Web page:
Trans fat is out, but good fats are in

“‘Fat-free' used to mean healthy, but now we know that's totally wrong” said Minh-Hai Tran, a registered dietitian in private practice in Seattle.

While certain lipids, such as trans fats, are still known to be bad for us (and probably always will be), it’s not a good idea to lump all fats together into one group, Tran said. Numerous studies have shown that the omega-3 fatty acids found in fish and fish oil supplements promote heart and brain health, and a 2009 study in the journal BMC Cancer found they also lower the risk of breast cancer in post-menopausal women.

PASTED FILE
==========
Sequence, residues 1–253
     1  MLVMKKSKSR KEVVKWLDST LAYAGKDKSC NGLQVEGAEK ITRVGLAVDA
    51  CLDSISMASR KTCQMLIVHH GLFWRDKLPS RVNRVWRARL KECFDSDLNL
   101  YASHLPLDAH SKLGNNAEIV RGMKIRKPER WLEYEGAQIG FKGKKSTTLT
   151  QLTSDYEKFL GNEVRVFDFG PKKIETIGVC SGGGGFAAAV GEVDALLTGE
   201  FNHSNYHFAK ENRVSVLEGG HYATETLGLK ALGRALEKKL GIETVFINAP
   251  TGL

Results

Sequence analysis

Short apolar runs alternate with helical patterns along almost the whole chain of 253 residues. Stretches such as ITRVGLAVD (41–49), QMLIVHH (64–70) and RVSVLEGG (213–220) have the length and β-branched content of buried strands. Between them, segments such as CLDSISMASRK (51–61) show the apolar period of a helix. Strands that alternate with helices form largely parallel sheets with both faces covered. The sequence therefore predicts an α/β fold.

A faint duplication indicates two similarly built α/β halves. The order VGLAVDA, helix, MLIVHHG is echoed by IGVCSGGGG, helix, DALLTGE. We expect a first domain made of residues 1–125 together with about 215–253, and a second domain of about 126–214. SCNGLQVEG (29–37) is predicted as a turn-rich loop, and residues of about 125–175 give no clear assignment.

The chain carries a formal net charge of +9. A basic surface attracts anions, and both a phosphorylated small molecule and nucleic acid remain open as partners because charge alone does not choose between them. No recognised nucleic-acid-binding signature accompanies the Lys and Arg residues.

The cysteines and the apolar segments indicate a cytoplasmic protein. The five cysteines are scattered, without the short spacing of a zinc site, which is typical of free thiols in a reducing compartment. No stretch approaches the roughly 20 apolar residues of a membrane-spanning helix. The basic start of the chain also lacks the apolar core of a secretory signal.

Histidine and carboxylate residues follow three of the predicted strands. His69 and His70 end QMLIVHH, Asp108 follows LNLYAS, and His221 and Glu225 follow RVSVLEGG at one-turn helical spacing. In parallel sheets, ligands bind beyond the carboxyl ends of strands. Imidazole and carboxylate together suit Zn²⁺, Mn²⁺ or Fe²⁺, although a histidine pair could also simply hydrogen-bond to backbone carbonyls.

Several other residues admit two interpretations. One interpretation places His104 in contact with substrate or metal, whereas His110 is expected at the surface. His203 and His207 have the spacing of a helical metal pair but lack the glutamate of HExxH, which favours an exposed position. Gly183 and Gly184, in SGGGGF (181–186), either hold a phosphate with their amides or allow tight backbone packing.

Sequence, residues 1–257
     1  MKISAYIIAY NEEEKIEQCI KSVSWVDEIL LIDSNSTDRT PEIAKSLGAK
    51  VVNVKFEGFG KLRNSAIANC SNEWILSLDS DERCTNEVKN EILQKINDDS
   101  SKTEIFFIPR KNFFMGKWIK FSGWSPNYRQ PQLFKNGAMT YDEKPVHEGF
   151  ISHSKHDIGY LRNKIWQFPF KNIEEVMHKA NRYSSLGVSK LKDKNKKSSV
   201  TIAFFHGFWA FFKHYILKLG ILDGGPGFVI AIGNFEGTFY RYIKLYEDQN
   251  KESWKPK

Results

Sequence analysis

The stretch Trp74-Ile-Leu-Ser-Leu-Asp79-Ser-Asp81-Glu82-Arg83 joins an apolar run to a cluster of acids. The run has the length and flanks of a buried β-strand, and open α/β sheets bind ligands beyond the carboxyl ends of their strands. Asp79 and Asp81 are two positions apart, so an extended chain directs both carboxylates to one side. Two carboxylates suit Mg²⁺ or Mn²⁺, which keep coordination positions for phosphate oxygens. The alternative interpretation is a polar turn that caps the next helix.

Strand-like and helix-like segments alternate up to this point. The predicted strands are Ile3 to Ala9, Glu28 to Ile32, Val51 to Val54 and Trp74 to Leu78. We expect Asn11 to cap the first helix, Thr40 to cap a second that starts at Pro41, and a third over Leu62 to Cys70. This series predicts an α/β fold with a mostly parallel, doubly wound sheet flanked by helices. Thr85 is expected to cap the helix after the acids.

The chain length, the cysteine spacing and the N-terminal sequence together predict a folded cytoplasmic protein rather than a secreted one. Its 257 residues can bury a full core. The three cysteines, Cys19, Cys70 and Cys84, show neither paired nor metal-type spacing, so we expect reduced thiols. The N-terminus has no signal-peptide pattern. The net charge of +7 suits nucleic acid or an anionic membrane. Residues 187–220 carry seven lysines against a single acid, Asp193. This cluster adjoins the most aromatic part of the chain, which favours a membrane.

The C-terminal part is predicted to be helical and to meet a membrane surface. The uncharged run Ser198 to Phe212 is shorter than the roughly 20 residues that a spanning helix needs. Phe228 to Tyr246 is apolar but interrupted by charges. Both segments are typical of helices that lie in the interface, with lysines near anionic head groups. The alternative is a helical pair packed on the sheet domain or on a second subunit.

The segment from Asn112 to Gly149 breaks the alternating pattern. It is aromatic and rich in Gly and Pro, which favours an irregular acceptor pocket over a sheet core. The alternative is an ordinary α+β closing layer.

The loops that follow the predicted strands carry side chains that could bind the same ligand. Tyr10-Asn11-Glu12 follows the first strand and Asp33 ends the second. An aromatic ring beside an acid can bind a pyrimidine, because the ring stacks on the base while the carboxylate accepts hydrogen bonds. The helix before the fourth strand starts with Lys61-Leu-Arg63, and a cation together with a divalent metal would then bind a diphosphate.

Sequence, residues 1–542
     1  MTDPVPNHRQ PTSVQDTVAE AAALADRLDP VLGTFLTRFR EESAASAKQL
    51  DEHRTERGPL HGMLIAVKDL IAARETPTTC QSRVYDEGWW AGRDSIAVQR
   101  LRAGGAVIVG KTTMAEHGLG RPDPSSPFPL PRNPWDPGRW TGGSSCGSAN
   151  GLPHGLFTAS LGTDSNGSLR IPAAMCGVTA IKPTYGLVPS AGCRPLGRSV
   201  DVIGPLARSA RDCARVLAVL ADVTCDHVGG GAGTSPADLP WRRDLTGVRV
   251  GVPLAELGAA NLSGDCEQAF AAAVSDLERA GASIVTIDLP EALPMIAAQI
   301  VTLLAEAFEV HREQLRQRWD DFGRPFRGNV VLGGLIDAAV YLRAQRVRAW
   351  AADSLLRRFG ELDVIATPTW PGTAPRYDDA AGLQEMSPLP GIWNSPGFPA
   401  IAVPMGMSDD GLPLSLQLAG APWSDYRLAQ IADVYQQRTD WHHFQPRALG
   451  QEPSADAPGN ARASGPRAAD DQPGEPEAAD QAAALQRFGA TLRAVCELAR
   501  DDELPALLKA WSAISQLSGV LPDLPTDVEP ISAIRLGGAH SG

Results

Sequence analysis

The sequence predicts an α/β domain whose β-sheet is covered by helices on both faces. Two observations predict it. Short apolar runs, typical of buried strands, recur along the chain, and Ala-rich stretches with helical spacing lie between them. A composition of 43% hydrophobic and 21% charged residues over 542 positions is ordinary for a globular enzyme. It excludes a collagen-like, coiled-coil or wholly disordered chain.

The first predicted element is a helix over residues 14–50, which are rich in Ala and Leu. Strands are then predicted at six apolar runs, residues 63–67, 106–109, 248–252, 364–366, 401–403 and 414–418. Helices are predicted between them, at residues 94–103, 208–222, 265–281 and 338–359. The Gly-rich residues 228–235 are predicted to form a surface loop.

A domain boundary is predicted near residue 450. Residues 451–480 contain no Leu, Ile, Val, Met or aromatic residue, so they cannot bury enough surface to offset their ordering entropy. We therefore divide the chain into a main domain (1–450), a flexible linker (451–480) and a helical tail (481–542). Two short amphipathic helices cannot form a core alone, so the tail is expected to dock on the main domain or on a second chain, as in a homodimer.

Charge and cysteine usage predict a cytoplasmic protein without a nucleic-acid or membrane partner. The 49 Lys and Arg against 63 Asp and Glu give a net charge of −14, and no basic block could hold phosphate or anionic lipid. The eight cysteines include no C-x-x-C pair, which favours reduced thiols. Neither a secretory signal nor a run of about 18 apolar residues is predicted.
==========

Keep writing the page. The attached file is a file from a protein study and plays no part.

Omega-3s, which also have been found to improve conditions such as arthritis, high cholesterol and attention disorders, are found in many grains, seeds and nuts as well.